The word 'sweet' may be considered a compliment, but it actually has the power to hold girls back. Here's why calling my 4-year-old daughter that is off limits.

By Samantha Scroggin
September 18, 2019
Photo illustration by Sarina Finkelstein; Getty Images (1)

There are more than 170,000 words currently used in the English language. So many colorful, magnificent, powerful, imaginative, startling, and brilliant adjectives available to describe things and people.

Still, there's one word that keeps popping up in social media posts, in compliments given to friends, and even on decorative signs for the home: Sweet. It has become a buzzword of sorts for parents to use, especially when describing girls.

Unfortunately, sweet is just that—acceptable, pleasant, agreeable. Sweet isn't just a "nice" word and it's certainly not harmless. Sweet is a syrup thick enough to weigh down girls as they grow into adulthood, work to accomplish their dreams and achieve whatever success looks like to them. That’s why I don’t want to hear anyone calling my 4-year-old daughter sweet.

Of course, most of us who've used the word sweet don't do it with malicious intent. On the surface, sweet is a safe word. It's a word we figure we can use without offending someone. But the word actually carries a lot of power, says Megan Bearce, a licensed marriage and family therapist based in Wayzata, Minnesota. The word reminds Bearce of the old nursery rhyme that says girls are "sugar and spice and everything nice.”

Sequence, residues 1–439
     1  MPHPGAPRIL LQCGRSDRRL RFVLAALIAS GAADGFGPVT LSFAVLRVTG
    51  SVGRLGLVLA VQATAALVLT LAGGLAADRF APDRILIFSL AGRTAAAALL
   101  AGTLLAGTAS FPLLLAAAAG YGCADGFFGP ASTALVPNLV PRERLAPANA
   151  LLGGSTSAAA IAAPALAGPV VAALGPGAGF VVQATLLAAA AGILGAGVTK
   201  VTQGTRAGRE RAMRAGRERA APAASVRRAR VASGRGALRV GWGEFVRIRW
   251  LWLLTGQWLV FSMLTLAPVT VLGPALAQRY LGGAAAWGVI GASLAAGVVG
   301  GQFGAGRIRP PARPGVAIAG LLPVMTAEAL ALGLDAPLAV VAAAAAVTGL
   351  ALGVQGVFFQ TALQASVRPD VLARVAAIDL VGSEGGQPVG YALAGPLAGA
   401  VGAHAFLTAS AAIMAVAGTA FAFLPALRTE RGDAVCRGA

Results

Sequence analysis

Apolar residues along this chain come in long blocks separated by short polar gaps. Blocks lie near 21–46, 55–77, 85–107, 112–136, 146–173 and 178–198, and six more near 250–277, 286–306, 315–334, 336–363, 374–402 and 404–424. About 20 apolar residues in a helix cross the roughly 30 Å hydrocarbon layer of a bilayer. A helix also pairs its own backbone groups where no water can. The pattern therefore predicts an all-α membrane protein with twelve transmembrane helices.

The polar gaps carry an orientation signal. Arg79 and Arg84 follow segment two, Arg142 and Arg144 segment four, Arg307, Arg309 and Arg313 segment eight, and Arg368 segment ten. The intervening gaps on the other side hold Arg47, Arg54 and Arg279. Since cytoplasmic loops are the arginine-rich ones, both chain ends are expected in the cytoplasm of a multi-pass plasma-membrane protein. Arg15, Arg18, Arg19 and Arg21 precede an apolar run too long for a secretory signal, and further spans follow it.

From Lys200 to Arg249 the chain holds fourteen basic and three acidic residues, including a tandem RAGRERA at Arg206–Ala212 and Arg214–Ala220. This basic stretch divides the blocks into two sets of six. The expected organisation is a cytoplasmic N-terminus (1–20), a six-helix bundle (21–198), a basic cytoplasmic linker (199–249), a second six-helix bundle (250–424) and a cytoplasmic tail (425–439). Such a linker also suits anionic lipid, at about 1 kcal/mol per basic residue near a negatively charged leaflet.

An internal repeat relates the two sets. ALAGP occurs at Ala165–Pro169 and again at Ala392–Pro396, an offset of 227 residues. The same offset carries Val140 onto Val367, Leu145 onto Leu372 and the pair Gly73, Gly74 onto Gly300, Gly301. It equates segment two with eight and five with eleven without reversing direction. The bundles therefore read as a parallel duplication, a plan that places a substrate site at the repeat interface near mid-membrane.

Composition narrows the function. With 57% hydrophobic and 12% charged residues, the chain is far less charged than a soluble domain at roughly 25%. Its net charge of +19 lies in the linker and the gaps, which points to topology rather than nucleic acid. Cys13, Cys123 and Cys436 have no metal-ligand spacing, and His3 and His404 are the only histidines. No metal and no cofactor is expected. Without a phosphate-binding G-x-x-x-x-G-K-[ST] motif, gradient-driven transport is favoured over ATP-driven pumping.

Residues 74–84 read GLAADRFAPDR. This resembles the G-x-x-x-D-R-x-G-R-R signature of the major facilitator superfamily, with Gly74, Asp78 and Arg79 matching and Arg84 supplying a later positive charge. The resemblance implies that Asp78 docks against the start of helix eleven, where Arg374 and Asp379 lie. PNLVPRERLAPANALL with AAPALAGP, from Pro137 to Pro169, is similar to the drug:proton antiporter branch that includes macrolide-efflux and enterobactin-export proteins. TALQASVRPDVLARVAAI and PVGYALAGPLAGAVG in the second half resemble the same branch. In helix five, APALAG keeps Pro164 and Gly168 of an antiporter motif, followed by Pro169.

"Our society has been sending this message for eons, and it does so much harm to self-esteem, body image, and the ability to voice our opinions and ideas," says Bearce. It’s the opposite of what she encourages girls to do: “Speak up, question authority, express your feelings, and be your own person.”

Constantly referring to a child as sweet can make them docile in situations where they should stand up for themselves, says Alli Spotts-De Lazzer, a licensed marriage and family therapist and certified eating disorders specialist based in Valley Village, California. “When ‘sweet’ becomes a main identity, it can get in the way of advocating for oneself,” she says. Things like “Get your hands off me” and “Stop it” may become more difficult to say because they aren’t what one would consider "sweet."

Sweet as a main identity can also hamper a child’s self-expression. "If 'sweet' is used as a primary label, it might confuse a child when they experience moments or emotions that are not sweet but are human and natural," says Spotts-De Lazzer. The resulting shame from unpleasant emotions could drive the child to hide the feelings instead of learning how to manage those emotions in healthy, strengthening ways.

So what can we tell our kids instead of sweet? "We can say 'kind' or 'thoughtful' or 'funny'. Encourage girls to take risks, get dirty, try new things, and make mistakes doing them. We can let girls have big emotions of all kinds, just as we should allow boys to express feelings other than anger without shaming them,” says Bearce.

Spotts-De Lazzer also recommends explaining to children that who they are inside is composed of many ingredients. Sweet might be part of that, but is far from representing the whole person.

As for my daughter, I'm committed to choosing more empowering words to describe her, and I would encourage others to proceed with caution while throwing the word sweet around.

We need to use our words to lift each other up, and to help one another tap into our inner strength. We should choose words that fortify our children to create the society they want to see, and to be the kind, bold, brave, well-rounded people they are capable of being.

Sweet isn't an agent of change. Sweet belongs in baking. Not girls.

Advertisement

Comments

Be the first to comment!